As the private sector has always been unreliable in terms of AI regulation, it has been predicted to lose its control for AI regulation to the government over the next five years, according to new research conducted by Pegasystems, the software company that crushes business complexity.
The global study, conducted by research firm iResearch, surveyed 1350 C-level executives across seven different industries in 12 countries to examine how growing technology trends such as artificial intelligence (AI) governance, hyper-automation, extended reality (XR), extended edge, and distributed cloud will evolve over the next five years.
“If you want a real competitive advantage, you have to take an active, deliberate approach to adopt new digital technology now,” said Don Schuerman, CTO & vice president, product strategy & market, Pegasystems. “Technology keeps advancing and is not going to slow down for organizations to catch up. Business leaders who are willing to embrace emerging technologies including AI, XR, extended edge, hyper-automation and distributed cloud will be the most likely to come out on top over the next five years.”
The research identified a growing need for business leaders to take stronger accountability for the governance, integration, innovation, and adoption of emerging technologies so they can better enact change within their organizations. Key findings from the study included:
The public sector is poised to fill the AI governance gap: Three quarters (65%) of respondents feel the current level of external AI governance isn’t sufficient to manage its explosive growth. However, over a quarter (27%) report they have no designated AI governance leader and only 25% are managing a formal policy at the C-suite level. So who will fill the AI governance leadership void – the public or private sector?
Though the vast majority (78%) of respondents prefer full or equally shared responsibility for regulation, the numbers flip when asked about expectations for five years out, when 75% expect the government will be largely or fully responsible for governance, which is far from what respondents feel is the most appropriate balance. Whatever the future brings, the stakes are high: more than half (53%) are concerned that external and/or government regulation will stifle their innovation.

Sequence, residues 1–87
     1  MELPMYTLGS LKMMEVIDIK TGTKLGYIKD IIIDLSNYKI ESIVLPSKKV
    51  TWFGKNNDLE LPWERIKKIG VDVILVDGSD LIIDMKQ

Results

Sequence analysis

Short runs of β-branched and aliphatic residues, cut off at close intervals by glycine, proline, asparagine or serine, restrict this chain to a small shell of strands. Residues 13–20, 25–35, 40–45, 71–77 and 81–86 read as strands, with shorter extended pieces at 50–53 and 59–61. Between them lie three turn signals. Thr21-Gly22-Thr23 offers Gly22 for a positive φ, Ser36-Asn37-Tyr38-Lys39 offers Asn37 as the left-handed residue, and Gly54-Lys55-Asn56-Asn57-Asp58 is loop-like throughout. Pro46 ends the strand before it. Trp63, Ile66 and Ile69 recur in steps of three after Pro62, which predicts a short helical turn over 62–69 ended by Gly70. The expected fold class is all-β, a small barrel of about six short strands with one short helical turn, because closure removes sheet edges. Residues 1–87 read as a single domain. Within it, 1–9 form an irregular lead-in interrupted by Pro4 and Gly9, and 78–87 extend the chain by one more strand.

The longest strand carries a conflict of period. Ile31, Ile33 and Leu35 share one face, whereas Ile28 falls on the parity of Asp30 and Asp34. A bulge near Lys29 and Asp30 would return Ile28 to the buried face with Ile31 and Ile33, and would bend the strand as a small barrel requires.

Successful integration will be key to the dawn of the age of hyper-automation: More than half (52%) of respondents say the pandemic has forced them to identify more opportunities to infuse automation into their businesses. This is particularly true in areas like workflow and case management – typical areas where companies focus their efforts to reduce costs and increase efficiencies in difficult times.
However, the study suggests that this shift to hyper-automation is more than just a short-term measure borne out of necessity; today, only 32% see hyper-automation helping their business improve workflow and case management, but this number almost doubles to 61% when asked to look five years ahead.
Meanwhile, in supply and distribution chains, only 26% see a current hyper-automation impact – a figure that stretches to 64% when respondents were asked to estimate its impact in five years.
For hyper-automation to become a reality, concerns around integration must be addressed. Fifty-eight percent of respondents cite integration with existing legacy systems as the biggest automation challenge, while 40% point to compatibility with third-party technologies as their biggest concern.
Extended Reality (XR) will add new dimensions to customer experiences… eventually: Though XR is one of the biggest emerging technology trends for consumers, just 35% of business leaders said XR is currently changing the way the industry is providing a customer experience. However, the picture could look very different in five years, when 30% of respondents say XR will become essential to customer engagement and over half (52%) believe XR will eventually become a competitive differentiator.
Distributed cloud and the extended edge will maximize application effectiveness – provided the technology infrastructure matures around it: Seventy-three percent of respondents said remote and mobile work trends have made cloud deployments a high priority, while more than half (51%) said mobile and remote functionality will continue to be one of several drivers for extended edge technology adoption.
But to achieve their full potential, the cloud and extended edge will need some help: 41% of respondents say maturation of AI, automation, and machine learning are necessary to achieve deeper success.
Today, only 22% rated their distributed cloud technology as ‘intelligent’ or ‘mature’, while 18% of respondents said the same of extended edge technology, demonstrating the extent of the challenge ahead.